3. Lets provide two examples of "non-military" personnel who gave their lives in defense of this country: U.S. Merchant Marine - WWII - 1,554 ships sunk - over 7,000 Merchant Marine Sailors KIA. Women's Airforce Service Pilots (WASP) - WWII - 38 casualties (training accidents). Merchant Marine Sailors and the WASP are both considered "civilian" service. The WASPs (still civilians) were given "Veteran" status in 1977. Merchant Marine Sailors (still civilians) were given Veterans status in 1988. It took the WASPs and Merchant Marine Sailors many years of lobbying to get recognized as Veterans. Other groups eligible can be viewed at the VA's website. The point is, there is precedent for civilians being accorded recognition as Veterans. Why not receive the flag as well, if dying in the service of this country. It's really a version of bigotry, saying that only military personnel are worthy of the U.S. flag.
  4. The awarding of flag honors for civilians will be just another dilution of honors and awards that our country bestows. How many times have we noticed flags at half-staff and wonder who died only to find that they were ordered lowered by governors/mayors for victims of a tragic crime or accident. When an honor becomes routine it is meaningless. P.S. Don't get me started on The National Anthem and military honors at sporting events.
  5. Bit by bit the honors that were reserved for those who put their lives on the line for our country are being eroded by those who were never brave enough to serve. If you want the honors upon death, raise your hand and enter military service. If you choose not to, well, that says it all. Keep the flag for the military!
  6. "I, [name], do solemnly swear (or affirm) that I will support and defend the Constitution of the United States against all enemies, foreign and domestic; that I will bear true faith and allegiance to the same; that I take this obligation freely, without any mental reservation or purpose of evasion; and that I will well and faithfully discharge the duties of the office on which I am about to enter. So help me God. 5 U.S.C. §3331" I support giving the flag to whomever dies while serving this country, whether civilian or military. There are countless times when Department of Defense, Army, Air Force, Navy, State, Homeland Security, Justice, CIA, etc., employees have given their life in the name of the USA. There is no reason not to give a flag to these individuals. State & local government employees, who take an oath, who lose their lives in the name of this of the USA should as well. They are no less patriotic than those in the U.S. military. The Legion is wrong.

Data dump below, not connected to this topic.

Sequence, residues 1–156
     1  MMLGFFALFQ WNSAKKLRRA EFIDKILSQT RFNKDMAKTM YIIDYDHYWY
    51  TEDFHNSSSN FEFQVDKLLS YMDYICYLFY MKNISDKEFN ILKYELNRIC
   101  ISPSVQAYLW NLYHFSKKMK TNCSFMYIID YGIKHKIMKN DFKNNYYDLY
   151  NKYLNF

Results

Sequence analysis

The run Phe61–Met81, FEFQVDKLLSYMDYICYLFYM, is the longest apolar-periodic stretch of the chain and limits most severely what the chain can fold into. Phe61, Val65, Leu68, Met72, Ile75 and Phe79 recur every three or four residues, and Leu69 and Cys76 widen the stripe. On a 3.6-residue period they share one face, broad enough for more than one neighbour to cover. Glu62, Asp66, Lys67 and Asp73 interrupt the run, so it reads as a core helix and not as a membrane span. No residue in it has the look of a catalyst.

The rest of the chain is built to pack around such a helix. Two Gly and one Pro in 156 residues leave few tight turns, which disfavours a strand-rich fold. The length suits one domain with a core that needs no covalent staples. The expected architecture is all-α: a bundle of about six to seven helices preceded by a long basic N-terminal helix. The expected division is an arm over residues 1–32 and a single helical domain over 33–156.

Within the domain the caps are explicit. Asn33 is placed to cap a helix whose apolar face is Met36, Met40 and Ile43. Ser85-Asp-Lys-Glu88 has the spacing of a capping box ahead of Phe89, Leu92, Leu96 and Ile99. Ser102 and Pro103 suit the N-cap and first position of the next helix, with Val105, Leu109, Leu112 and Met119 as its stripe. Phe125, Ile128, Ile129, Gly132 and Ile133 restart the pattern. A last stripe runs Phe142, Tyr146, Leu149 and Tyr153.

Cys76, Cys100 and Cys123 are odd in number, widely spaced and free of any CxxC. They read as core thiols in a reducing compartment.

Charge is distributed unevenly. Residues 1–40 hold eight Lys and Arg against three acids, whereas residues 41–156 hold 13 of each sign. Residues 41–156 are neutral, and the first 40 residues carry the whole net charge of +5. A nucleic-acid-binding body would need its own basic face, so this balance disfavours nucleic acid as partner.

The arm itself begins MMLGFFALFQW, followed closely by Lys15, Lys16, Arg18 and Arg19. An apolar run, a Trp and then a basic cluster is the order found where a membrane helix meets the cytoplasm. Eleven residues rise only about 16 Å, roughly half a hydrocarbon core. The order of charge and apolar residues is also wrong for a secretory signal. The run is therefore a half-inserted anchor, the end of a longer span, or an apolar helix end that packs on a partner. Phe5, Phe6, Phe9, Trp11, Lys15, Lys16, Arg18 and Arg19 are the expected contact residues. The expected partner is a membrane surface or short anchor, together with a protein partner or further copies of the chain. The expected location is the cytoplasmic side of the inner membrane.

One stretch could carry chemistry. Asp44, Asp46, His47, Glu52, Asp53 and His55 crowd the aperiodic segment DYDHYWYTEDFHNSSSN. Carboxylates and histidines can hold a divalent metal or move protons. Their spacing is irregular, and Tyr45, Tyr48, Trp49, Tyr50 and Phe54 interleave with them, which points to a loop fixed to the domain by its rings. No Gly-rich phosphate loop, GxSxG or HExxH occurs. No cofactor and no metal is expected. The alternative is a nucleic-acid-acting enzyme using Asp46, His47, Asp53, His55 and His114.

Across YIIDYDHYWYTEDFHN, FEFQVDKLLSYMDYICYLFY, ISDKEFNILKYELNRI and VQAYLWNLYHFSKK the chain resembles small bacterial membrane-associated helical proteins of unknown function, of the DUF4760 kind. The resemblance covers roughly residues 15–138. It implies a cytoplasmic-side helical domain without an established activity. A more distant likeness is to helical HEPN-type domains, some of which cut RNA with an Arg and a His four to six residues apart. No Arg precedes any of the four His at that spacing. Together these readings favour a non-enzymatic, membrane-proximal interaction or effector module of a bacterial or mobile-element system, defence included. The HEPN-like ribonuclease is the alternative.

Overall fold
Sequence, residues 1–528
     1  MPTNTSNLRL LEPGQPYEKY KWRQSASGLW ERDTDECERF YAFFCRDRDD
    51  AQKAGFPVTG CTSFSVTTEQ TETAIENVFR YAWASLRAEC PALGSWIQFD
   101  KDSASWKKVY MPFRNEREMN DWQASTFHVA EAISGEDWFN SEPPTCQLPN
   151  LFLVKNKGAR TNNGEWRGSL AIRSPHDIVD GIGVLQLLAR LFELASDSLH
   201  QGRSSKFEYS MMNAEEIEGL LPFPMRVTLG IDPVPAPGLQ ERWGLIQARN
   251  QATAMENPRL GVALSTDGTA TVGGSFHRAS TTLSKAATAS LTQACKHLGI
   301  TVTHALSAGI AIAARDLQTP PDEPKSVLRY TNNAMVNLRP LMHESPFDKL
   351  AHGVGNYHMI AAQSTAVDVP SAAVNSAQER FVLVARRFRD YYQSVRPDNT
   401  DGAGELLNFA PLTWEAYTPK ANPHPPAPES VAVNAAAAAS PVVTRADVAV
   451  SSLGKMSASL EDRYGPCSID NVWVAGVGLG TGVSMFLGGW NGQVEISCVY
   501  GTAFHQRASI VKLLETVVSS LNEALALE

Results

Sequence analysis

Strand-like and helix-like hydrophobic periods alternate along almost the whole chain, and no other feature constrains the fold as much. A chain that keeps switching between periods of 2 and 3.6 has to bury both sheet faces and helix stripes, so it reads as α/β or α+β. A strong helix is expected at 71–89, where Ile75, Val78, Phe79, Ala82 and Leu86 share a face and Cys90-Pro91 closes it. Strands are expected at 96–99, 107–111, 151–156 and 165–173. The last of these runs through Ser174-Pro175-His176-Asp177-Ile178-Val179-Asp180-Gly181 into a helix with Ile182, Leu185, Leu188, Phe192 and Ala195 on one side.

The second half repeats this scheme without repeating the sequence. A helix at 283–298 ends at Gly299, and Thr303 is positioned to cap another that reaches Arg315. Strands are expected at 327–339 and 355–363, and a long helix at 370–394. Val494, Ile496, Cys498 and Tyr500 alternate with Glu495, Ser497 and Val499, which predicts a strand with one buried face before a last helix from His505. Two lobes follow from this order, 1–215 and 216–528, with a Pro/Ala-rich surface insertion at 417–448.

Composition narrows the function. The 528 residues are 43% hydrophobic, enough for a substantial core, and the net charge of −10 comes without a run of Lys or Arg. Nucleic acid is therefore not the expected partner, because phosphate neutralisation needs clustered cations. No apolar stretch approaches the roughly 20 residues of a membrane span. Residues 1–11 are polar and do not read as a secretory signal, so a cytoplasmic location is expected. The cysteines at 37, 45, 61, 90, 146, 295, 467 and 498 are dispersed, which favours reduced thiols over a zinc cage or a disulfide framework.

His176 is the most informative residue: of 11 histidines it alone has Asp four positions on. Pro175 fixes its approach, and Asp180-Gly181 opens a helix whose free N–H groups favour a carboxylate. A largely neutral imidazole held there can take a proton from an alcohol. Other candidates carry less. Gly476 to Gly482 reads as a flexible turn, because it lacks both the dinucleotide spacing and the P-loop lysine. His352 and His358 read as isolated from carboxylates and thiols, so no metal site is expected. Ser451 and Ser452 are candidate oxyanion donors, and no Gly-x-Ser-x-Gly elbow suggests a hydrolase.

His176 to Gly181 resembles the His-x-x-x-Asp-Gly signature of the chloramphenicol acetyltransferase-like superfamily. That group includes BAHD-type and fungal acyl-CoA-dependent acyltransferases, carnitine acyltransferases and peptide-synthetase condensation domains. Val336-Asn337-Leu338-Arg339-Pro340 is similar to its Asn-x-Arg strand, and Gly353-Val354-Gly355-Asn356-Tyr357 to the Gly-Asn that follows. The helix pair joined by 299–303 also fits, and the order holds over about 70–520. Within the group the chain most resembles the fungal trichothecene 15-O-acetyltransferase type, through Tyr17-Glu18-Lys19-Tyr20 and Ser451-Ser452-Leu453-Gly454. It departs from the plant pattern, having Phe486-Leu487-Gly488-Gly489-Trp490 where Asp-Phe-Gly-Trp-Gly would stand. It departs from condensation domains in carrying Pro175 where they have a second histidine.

7. This just becomes more elite every time I check the postings. Arguing only for those who serve 20 years and retire to be honored with a flag? Really? My father in law served honorably in Vietnam - and he wasnt even a citizen yet, but he loved his new country, so he served his tours. Or arguing that civilians dont deserve it because their death is "by mistake" - would you argue that the firefighters and other first responders on 9/11 didn't know the dangers they faced and it was a big mistake? they served our country with great honor when war was declared upon us, what more can you ask for, and you would deny them a FLAG? I am disgusted by the poor attitude displayed by so many of these posts, and so very proud of the military members who see the importance in others and not just themselves (my deepest thanks to all of you).
  8. I disagree to an extent. There are "tech reps" that go into combat or dangerous situations with the troops, to support equipment vital to the operations. These people volunteer, very often because they see the need to support the equipment in support of the troops, where ever it is used. I feel that these people should receive the same honors as the troops in those cases where they surrender their lives along side of the military.
  9. And what next? Will you ask that civilians who are wounded or killed be awarded the purple heart? Get real